Optimise your Factory with a Facelift

14th October 2014

Company News

reagent platform re fit

It’s important to stand back now and again to monitor how your current plans and processes are working out. It’s easy to get immersed in the day-to-day running of your workplace without looking at it from another perspective and considering the areas that could be improved.

When was the last time you examined the current state of your production facility?

It’s not enough to justify your current production processes with the phrase “That’s how we’ve also done it.” As your business grows and the market transforms, so too should your factory and production schemes.

Operations Director, Darren Wilson, carried out extensive research in our factory and examined existing literature on productivity. Working with the team in ReAgent’s factory, as well as IT and Sales, Darren worked out how to implement changes and yield improvements at ReAgent with a re-fit. He put together a detailed report on his work, which has been condensed and re-formatted here.

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Spaghetti diagram of IBC batch in original manufacturing layout

Gather Information about your Factory

We examined batch manufacturing data for a six month period to establish the amount and frequency of product manufactured across a range of batch sizes.

ReAgent experiences an ongoing annual growth of 20%; we had the task of redesigning the production layout to cope with this growth, whilst still being able to operate from the confines of three factory units.

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Spaghetti diagram of IBC batch in revised manufacturing layout

In order to establish the level of productivity going on, the team put together some Spaghetti Diagrams of the current state of the manufacturing facility. This meant we were able to calculate the distances covered by the production team, as well as the amount of movement required to move particular batches.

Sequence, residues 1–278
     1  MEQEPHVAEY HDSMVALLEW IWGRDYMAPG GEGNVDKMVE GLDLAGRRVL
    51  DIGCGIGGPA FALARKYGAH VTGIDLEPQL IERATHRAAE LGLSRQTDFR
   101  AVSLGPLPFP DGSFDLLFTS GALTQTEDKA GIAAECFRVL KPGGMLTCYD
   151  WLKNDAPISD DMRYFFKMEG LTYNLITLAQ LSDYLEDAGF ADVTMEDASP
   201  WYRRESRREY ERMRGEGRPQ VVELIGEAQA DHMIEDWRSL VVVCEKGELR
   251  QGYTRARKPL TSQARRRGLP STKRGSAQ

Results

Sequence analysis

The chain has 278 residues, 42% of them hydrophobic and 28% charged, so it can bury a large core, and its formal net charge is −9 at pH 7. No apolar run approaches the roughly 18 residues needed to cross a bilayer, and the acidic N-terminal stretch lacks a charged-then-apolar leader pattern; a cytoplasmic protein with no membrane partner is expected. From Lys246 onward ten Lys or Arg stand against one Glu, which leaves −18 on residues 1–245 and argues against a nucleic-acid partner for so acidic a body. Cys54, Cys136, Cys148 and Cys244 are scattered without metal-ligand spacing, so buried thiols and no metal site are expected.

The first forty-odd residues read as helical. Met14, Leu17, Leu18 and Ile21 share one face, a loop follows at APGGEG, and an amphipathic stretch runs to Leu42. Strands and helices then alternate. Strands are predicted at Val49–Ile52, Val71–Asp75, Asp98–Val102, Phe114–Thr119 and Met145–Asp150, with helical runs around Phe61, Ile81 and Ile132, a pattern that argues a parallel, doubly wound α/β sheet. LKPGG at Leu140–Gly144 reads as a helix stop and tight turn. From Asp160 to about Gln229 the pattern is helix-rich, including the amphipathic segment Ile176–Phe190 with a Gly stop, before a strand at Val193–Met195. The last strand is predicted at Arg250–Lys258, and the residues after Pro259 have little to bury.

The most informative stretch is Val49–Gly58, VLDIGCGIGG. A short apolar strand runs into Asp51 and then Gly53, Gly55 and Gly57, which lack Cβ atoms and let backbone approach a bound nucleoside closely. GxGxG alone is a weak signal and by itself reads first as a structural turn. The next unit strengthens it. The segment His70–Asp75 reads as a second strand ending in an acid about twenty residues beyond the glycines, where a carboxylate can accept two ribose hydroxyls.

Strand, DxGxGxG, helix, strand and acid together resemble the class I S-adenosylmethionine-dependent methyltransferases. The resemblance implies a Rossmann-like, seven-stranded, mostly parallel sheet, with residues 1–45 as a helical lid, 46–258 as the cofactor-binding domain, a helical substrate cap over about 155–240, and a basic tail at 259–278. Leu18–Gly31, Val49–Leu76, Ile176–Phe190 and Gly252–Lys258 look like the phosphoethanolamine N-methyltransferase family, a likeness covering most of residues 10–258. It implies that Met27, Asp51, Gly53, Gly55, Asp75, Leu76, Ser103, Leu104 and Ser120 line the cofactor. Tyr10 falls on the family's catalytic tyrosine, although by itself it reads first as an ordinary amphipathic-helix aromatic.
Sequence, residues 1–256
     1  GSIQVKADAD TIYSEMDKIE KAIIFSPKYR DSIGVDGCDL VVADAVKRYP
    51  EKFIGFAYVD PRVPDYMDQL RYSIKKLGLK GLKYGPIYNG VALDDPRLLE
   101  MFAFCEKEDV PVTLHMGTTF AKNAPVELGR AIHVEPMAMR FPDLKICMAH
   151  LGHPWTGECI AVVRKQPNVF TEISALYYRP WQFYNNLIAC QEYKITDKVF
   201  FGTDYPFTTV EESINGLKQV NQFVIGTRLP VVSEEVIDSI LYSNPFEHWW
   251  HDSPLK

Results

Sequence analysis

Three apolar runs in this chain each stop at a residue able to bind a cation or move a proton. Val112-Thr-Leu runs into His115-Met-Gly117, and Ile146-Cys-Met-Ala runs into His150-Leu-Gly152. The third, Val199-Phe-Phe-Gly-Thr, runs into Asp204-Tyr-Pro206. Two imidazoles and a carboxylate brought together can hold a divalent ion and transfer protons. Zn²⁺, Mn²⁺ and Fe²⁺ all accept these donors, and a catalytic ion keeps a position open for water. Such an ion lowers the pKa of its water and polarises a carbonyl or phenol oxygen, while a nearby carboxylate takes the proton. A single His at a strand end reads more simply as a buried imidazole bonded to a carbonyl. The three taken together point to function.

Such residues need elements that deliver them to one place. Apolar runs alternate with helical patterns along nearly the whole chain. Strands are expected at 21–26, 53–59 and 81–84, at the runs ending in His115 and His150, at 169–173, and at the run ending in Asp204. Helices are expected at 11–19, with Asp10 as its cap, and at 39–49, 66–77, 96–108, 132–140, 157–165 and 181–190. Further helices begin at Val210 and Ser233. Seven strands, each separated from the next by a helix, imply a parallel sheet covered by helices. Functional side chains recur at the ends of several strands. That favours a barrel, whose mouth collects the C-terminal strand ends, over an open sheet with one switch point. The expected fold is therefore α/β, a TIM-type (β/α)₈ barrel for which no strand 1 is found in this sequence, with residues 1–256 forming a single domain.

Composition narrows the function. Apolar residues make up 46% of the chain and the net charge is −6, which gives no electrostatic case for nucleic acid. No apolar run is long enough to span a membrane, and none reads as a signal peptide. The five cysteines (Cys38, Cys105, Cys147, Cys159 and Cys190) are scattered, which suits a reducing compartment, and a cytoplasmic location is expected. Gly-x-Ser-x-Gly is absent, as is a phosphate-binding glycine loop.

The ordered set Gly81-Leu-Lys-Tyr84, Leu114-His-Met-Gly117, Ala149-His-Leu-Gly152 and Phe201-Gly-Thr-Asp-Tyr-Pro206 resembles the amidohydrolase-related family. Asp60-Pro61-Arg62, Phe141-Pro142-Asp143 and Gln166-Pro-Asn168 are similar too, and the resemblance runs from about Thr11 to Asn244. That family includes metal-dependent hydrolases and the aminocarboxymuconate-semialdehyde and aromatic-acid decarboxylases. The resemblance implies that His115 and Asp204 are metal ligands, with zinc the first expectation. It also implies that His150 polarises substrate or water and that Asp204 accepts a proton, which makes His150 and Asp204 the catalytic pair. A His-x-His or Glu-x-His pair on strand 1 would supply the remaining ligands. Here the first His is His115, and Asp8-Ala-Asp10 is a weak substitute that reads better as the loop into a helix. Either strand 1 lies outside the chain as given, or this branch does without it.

The Spaghetti Diagrams showed us that there’s room for improvement with regards to the factory layout. There were large amounts of excess movement of people and materials, wasting time and energy. Raw materials were poorly organised and sometimes difficult to locate.

Study the Literature Available

It may feel a bit like going back to school, but do your research properly. It can provide ideas and inspiration, and show you theories which you can apply to your own workplace.

Here are some of the theories we considered in our research.

Goldratt’s Theory of Constraints (Goldratt, 1984)

Goldratt’s Theory of Constraints (ToC) was designed to provide steps that can help you improve a system and in turn, performance. It is supposed to help you identify and eliminate “bottle necks” that are slowing you down.

According to Goldratt, these bottle necks are constraints that are stopping your business from reaching its maximum capacity.

We considered constraints in our production factory and planned to restructure the layout in order to eliminate these and speed up processes.

Product/Process Matrix (Slack et al., 2009)

The Product/Process Matrix was devised to provide a means of selecting the most suitable process for a given application. It is presented as a graph, to which you can position the attributes of a particular process or job.